LOAD UP EARLY
Just when I thought I had my predator hunting mistakes minimized, I pulled
a blunder that was quite unbelievable...
I was making an October stand to call in some early season coyotes. As I
approached my set up location in the early morning darkness, I was greeted by an eerry growl of a large coyote standing merely
30 feet away. All I could do was stand and watch, however, as I had not yet put any rounds into my Remington 700 in .223!
The coyote stood broadside for a few seconds and trotted off. Instantly, a second coyote filled his void and also stood broadside
offering another golden opportunity. He too bounded off into the distance as I stood helpless.
LESSON LEARNED: ALWAYS
LOAD YOUR RIFLE AS SOON AS YOU EXIT YOUR VEHICLE IN CASE YOU HAVE A CLOSE ENCOUNTER OF THE COYOTE KIND! SHOOT!
Winter 2004-05 was no different than the rest... I'd called in far more red fox than coyotes. So when
the wily 'yote does show, the opportunity must not be wasted. However, on lat night last winter I successfully called in a
coyote to shooting rnge and let him walk. I'd first spotlighted the coyote at approxiametely 300 yards on top of a hill. He
made his way down to me and stopped at 200 yards. At this point I could have shot, but waited to see if he would approach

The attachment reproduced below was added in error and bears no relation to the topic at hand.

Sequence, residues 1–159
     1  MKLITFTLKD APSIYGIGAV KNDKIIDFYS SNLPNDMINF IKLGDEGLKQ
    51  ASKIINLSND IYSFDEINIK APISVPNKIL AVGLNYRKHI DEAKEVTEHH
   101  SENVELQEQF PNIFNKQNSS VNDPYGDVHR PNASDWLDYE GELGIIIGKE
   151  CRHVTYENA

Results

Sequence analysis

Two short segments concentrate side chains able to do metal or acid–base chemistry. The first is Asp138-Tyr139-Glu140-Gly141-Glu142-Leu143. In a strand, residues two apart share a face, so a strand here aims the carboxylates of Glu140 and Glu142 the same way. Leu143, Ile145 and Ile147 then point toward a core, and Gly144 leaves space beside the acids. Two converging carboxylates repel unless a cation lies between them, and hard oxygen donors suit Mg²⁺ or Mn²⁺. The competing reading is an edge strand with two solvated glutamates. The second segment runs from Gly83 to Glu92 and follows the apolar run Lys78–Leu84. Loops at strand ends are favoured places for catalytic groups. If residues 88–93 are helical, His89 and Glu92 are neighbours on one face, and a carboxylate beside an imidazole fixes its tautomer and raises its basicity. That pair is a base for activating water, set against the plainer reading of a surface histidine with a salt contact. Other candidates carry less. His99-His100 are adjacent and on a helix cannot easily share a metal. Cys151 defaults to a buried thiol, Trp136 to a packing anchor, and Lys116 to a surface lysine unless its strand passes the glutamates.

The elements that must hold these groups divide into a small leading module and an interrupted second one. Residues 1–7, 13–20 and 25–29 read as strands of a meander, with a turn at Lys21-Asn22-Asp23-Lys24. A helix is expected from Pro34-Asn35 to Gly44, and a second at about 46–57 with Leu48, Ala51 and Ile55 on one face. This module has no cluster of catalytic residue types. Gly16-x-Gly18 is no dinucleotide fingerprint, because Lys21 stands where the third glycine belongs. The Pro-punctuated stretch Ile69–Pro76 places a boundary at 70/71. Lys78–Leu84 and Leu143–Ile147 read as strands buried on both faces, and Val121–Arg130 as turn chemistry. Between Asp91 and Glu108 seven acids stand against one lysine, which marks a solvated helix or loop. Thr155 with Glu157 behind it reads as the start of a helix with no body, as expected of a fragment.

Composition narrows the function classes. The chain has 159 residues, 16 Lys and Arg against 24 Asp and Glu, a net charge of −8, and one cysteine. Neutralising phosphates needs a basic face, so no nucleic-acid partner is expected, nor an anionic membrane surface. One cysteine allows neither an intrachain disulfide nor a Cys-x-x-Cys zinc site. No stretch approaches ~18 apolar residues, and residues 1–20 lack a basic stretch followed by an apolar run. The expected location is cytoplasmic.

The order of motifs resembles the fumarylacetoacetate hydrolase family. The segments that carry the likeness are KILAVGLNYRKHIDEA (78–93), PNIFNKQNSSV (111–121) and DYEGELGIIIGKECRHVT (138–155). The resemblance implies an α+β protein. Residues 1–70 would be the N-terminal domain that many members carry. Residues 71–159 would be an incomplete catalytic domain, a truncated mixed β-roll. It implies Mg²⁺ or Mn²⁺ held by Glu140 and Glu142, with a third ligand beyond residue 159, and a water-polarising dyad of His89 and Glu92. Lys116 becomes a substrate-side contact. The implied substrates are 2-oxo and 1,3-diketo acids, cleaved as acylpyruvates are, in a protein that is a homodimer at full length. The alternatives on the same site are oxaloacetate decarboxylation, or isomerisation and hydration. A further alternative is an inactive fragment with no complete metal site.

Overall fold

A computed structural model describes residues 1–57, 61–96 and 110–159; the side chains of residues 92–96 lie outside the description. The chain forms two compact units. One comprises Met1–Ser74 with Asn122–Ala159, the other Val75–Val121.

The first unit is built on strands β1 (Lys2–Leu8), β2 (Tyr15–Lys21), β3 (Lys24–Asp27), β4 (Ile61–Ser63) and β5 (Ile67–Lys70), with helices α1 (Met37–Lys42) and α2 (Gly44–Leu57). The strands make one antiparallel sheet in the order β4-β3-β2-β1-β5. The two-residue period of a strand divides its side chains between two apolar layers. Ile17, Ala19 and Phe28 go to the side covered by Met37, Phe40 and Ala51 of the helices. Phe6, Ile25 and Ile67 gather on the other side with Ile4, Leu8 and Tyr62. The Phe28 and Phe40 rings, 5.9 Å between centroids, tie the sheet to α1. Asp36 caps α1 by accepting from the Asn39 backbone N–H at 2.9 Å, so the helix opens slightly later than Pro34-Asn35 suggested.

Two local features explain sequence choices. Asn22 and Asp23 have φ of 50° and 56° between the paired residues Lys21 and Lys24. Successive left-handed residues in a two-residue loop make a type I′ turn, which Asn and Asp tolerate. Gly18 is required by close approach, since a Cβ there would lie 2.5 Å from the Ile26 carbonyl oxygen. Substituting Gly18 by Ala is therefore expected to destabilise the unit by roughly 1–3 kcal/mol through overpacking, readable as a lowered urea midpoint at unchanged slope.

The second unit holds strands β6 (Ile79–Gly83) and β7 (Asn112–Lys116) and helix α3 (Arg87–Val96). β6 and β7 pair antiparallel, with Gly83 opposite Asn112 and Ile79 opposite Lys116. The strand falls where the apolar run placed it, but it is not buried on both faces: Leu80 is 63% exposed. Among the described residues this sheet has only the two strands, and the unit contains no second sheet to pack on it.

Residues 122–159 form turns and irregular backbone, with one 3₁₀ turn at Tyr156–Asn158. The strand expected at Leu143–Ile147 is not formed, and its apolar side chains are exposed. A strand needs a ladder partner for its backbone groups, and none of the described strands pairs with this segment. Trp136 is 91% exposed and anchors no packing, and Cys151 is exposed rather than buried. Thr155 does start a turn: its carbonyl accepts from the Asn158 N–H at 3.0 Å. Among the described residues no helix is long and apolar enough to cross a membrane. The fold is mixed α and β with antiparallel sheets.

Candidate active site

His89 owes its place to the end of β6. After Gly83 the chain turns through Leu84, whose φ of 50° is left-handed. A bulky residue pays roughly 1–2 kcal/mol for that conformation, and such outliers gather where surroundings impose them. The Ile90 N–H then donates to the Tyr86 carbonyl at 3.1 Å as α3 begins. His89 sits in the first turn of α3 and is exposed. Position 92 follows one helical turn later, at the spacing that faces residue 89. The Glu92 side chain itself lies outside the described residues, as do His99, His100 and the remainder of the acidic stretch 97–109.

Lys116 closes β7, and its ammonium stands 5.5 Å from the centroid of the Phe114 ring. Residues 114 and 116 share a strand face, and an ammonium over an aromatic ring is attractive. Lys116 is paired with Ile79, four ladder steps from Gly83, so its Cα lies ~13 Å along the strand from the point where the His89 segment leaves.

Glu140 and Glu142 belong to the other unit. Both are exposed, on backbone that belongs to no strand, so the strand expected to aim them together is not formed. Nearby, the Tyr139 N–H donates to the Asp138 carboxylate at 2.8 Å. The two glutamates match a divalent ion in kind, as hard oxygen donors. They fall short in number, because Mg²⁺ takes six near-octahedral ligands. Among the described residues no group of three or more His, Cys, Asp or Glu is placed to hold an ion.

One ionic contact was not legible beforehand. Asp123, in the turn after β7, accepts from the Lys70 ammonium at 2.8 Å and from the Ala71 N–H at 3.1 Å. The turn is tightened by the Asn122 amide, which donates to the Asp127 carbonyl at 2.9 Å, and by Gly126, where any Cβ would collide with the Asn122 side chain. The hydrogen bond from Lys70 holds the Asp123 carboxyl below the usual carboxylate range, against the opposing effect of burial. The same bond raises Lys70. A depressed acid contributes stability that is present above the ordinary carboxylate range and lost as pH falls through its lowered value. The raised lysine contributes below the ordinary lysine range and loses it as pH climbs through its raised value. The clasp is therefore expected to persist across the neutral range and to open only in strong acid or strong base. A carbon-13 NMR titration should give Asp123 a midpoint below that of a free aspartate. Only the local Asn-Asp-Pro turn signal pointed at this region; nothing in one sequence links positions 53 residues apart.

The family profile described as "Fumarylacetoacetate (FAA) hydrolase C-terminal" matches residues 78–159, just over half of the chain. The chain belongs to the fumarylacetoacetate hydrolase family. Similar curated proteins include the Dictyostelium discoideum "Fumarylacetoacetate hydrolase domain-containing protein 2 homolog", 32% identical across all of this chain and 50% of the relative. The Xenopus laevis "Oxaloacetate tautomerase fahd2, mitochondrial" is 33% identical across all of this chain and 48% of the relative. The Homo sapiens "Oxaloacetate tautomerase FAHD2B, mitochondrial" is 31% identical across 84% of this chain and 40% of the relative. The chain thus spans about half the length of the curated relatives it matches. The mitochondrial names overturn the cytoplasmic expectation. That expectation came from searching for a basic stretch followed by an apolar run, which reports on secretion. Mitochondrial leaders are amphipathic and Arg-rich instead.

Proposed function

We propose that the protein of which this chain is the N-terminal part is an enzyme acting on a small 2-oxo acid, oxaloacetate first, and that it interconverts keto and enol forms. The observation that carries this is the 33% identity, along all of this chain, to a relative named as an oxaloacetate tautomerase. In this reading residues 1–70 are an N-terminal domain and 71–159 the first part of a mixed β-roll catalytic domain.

further. He did, in fact, and came straight in to well inside 100 yards. Again, I could have shot, but the eyes kept coming
and then disappeared in the rolling landscape at approxiametly 40 yards. I never saw him again and was left to sit in the
still of the night to ponder how happy I would have been if I would have taken the earlier shot.
LESSON LEARNED: WHEN
THE OPPORTUNITY KNOCKS, ALWAYS TAKE THE SHOT. OTHERWISE,IF SOMETHING GOES WRONG, YOU'LL BE SECOND GUESSING YOURSELF. WHERE'D
My 2003 predator calling season had started with a bang. We were calling in lots of fox and the coyotes
were responding as well. On Saturday, January 4, I called into the wind while looking up to a ridge from the middle of a cut
corn field. Suddenly I picked up the red eyes of a coyote looking my way from the top of the ridge. He made his way down to
the bottom of the ridge and was now within 200 yards of me. I thought about taking the shot as I could clearly see him through
the scope. No need to shoot, however, as he moved again and closed the distance to 80-90 yards. I couldn't really take a quality
shot because he was really charging in at this point! Suddenly, I lost his eyes in the darkness as he approached behind a
slight knoll in the field approxiametly 40 yards in front of me. That was last I saw of him! I do not know what happened to
him but I can tell you that a slighly different set up location would have made for a much happier hunt.
WHEN HUNTING AT NIGHT, ALWAYS MAKE SURE THAT YOU HAVE AN UNOBSTRUCTED LINE OF SIGHT SO THAT YOU CAN TAKE CRITTER AT ANY POINT
OF HIS APPROACH! HERE'S LOOKING AT YOU
On December 22, 2001, I geared up for my first
night time predator calling outing of the season. The conditions were favorable and I travelled over an hour to one of my
favorite spots. The FoxPro digital caller had only emitted it's cottontail distress for a few seconds when a pair of eyes